Seventy-six years ago this past Saturday, Allied Forces invaded France’s Normandy Coast. The country was occupied by Germany which had heavily fortified positions over five beaches which stretched 50 miles.
There are many subplots to this story, and everyone speaks of the extraordinary courage of those who made up the invasion force and their leaders. Indeed, everyone played an important role.
Referred to as Operation Overlord, the invasion raged from June 6 (D-Day) when 156,000 American, British, and Canadian forces landed on the beaches and lasted until August when all German resistance ended in the Normandy region.
When you consider air and naval force personnel, more than three million men were involved in the greatest over water operation in history. Aside from those that were in the landing force, naval losses were also high as ships were sunk by German shoreline artillery and motor torpedo boats. Pilots were killed and wounded when their planes were shot down.
The invasion was the largest amphibious assault in history and required extensive planning. Prior to D-Day, the Allies conducted a large-scale deception campaign designed to mislead the Germans about the intended invasion target.
A total of 4,414 Allied deaths were recorded on June 6th. Of that total, 2,501 were Americans and 1,913 were Allies. If the figure sounds low, it is probably because we are used to seeing estimates of the total number of D-Day casualties, which includes fatalities, the wounded and the missing.
The accepted estimate is that the Allies suffered 10,000 total casualties on D-Day itself. The highest casualties occurred on Omaha beach, where 2,000 U.S. troops were killed, wounded or went missing; at Sword Beach and Gold Beach, where 2,000 British troops were killed, wounded or went missing; and at Juno beach, where 340 Canadian soldiers were killed and another 574 wounded.
Most of the men who died perished in the first waves of the attack. The first soldiers out of the landing craft were gunned down by German machine guns. Once those pillboxes were destroyed and the machine guns silenced, the later waves of troops faced far better odds.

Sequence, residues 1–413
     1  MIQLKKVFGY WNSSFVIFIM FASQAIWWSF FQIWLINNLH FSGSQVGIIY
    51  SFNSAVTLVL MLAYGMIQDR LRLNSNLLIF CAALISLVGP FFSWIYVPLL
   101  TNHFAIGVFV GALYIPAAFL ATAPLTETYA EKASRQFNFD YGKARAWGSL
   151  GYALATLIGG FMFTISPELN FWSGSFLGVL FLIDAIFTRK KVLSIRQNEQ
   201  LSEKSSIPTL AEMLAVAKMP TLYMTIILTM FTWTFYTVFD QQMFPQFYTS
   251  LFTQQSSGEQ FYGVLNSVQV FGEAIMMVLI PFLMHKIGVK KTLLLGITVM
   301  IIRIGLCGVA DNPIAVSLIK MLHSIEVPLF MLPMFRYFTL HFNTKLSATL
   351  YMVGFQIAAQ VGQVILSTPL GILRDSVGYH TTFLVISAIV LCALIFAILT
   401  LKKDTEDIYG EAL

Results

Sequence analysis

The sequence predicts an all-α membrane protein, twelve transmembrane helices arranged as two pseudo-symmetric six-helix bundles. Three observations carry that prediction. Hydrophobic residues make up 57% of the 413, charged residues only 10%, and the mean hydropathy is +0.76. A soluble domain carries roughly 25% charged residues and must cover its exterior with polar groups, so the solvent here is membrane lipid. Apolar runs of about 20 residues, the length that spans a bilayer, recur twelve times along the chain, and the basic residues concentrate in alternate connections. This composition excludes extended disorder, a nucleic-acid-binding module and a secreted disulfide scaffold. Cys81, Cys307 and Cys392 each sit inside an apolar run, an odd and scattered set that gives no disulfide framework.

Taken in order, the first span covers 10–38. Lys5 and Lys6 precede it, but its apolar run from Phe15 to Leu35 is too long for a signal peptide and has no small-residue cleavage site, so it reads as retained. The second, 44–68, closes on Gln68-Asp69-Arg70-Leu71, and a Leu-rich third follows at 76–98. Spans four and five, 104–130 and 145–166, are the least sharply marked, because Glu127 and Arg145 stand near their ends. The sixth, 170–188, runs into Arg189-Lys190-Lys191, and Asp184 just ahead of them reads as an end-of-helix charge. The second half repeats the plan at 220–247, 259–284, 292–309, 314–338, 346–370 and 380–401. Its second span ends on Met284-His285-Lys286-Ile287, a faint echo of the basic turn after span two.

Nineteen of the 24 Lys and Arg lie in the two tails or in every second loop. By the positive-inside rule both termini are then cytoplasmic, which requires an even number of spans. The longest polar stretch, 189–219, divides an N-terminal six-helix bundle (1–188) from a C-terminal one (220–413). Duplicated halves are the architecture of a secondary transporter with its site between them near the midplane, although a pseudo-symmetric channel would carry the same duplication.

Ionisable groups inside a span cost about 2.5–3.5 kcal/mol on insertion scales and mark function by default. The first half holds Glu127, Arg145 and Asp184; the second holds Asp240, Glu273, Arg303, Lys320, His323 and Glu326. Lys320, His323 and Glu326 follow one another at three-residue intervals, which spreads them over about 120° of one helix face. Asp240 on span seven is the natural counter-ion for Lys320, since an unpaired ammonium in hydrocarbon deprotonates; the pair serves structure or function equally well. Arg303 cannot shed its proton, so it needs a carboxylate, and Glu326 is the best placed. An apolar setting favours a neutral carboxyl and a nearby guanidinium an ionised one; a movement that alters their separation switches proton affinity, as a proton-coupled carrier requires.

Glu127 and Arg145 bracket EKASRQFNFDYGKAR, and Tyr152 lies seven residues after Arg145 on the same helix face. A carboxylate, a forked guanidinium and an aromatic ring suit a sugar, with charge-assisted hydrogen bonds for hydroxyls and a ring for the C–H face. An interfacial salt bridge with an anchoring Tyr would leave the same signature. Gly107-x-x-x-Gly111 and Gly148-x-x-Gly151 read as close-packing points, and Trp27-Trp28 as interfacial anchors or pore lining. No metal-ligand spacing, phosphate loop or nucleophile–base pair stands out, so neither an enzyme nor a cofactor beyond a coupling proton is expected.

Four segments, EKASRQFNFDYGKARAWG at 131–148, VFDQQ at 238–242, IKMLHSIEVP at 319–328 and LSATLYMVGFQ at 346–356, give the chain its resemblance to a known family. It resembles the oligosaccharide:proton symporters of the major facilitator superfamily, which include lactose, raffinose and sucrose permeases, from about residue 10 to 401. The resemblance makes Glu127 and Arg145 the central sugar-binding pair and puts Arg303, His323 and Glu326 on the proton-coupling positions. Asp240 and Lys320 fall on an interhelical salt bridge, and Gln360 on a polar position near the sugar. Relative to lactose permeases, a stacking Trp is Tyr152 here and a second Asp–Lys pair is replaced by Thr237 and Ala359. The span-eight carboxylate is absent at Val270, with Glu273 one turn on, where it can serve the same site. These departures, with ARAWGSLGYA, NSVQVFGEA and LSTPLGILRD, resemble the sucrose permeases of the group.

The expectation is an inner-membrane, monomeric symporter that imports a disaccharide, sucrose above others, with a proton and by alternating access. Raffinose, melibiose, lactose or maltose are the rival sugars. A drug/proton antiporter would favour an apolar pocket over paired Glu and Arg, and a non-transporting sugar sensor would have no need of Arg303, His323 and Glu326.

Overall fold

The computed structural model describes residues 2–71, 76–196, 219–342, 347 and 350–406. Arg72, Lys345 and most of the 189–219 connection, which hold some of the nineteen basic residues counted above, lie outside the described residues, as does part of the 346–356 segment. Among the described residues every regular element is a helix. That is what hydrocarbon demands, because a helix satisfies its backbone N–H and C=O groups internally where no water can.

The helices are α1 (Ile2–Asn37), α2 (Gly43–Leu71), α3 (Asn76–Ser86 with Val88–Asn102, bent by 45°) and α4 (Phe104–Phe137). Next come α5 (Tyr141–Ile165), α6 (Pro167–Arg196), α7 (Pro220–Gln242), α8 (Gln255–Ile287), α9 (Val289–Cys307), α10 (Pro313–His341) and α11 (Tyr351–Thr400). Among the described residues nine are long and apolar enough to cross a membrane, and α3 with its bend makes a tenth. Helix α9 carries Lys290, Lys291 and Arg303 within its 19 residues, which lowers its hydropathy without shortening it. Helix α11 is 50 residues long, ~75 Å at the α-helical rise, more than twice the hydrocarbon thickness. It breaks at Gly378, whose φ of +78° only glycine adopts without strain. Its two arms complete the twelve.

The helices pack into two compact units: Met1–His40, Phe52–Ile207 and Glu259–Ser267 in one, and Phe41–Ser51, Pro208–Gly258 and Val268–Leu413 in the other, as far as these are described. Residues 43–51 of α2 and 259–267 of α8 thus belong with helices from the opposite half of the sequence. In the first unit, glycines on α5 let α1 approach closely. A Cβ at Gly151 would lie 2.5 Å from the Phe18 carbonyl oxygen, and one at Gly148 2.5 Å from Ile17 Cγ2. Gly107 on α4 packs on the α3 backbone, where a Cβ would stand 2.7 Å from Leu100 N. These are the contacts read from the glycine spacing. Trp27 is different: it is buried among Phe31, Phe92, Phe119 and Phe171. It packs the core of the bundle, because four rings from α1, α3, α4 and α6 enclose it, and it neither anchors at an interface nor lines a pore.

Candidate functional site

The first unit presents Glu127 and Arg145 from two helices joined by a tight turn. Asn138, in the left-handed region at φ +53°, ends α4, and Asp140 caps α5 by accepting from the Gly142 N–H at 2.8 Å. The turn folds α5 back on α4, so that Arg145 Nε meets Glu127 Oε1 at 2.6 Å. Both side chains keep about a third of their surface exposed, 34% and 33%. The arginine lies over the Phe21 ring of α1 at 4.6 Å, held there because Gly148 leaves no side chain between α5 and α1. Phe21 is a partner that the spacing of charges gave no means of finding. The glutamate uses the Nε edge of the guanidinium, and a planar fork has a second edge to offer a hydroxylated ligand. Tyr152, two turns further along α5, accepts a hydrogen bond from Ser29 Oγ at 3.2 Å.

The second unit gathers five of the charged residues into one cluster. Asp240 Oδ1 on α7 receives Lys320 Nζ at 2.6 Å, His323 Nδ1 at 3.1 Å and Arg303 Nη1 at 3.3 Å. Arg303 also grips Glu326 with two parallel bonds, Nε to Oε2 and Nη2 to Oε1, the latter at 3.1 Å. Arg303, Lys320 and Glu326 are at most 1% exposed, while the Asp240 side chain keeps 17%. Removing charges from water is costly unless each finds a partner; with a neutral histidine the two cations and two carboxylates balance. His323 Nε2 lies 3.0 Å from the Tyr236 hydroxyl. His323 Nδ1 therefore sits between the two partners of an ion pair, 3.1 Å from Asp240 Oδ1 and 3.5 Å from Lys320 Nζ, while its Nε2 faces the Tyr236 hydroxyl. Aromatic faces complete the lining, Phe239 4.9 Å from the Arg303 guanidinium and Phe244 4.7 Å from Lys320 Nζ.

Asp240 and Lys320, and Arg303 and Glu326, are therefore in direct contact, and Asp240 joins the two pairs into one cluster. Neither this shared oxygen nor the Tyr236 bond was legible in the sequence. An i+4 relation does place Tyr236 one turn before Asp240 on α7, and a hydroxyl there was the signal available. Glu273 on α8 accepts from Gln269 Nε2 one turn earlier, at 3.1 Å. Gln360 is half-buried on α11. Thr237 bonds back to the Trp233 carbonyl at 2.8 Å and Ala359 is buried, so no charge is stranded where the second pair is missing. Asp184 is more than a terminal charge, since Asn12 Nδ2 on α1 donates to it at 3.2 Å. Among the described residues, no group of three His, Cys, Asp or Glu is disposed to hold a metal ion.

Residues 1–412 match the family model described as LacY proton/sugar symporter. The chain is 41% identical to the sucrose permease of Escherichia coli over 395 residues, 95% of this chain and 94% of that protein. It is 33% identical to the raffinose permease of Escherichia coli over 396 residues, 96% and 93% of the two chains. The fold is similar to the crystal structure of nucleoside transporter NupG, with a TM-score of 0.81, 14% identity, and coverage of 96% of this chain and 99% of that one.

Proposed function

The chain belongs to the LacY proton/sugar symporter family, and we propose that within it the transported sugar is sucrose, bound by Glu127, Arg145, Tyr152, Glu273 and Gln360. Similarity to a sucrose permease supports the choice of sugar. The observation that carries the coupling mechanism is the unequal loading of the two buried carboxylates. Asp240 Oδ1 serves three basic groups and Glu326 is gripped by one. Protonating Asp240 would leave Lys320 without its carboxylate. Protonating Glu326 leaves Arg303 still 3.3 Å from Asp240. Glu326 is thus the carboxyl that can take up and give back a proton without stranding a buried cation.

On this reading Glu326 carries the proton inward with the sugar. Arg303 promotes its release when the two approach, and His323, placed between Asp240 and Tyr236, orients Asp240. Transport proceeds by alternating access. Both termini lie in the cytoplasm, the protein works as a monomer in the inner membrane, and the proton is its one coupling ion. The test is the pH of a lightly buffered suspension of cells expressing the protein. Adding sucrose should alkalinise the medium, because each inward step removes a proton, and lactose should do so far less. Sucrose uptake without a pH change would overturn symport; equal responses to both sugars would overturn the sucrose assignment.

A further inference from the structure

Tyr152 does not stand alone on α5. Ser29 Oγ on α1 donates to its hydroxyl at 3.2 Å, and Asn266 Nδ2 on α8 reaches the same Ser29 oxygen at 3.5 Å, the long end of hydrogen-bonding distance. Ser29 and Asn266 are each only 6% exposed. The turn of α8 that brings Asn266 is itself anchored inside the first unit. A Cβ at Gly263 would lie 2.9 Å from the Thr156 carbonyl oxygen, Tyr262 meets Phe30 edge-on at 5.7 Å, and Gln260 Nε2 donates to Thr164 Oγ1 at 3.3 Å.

Among the stunning losses of those first-wave soldiers were 19 young men known as “The Bedford Boys.” The U.S. Congress chose Bedford, Virginia as the site of the National D-Day Memorial because it suffered the highest per capita D-Day losses of any community in the nation. The 19 Bedford Boys were mostly National Guardsman who were some of the first to land on Omaha beach.
General Eisenhower fully expected casualties would be much higher as part of Operation Overlord—a full division of paratroopers who would land behind German lines via parachute and gliders. He was told the number killed or wounded would reach over 4,000.
When told of that estimate he ordered his car to take him to the assembly point where the paratroopers were to board their planes. He walked among these brave men fully understanding that he was sending many of them to their death. His being there told them how much he valued the importance of what they were doing and the sacrifice that many would have to make.
The paratroopers’ job was to prevent the beaches from being reinforced by tanks, artillery, and infantry. He was immensely relieved when the actual number of those killed and wounded were far less than it was projected to be.
As Allied Commander in Chief Eisenhower had to give the order to begin the invasion under difficult weather conditions which did not make the task any easier. As a military man he had to accept that the landings could be repulsed by the Germans and Operation Overload would be a disaster.
As they stormed the beaches, Eisenhower’s words summed up the incredible significance of their mission:
“You are about to embark upon a great crusade, toward which we have striven these many months. The eyes of the world are upon you,” he wrote, “we will accept nothing less than full victory! Good Luck!”
But there is another letter that he set aside “in case of failure.” What if we lost?
General Eisenhower had doubts in the face of a “well trained, well equipped and battle-hardened” enemy. If the invasion of Normandy failed, this is the message he would have relayed to the public. How different the world would be?
“Our landings in the Cherbourg-Havre area have failed to gain a satisfactory foothold and I have withdrawn the troops. My decision to attack at this time and place was based upon the best information available. The troops, the air and the Navy did all that bravery and devotion to duty could do. If any blame or fault attaches to the attempt it is mine alone.” Eisenhower accidentally dated the letter July 5. It should have been June 5.*
This is what true leaders do when they lead people into action. They credit those that achieve victory and accept full responsibility for any possible loss.
By late August 1944, northern France had been liberated, and by the following spring the Allies had defeated the Germans. The Normandy landings have been called the beginning of the end of war in Europe.
Let us take a moment and honor all those who have sacrificed their lives so that we could enjoy our freedom by vanquishing our foes.
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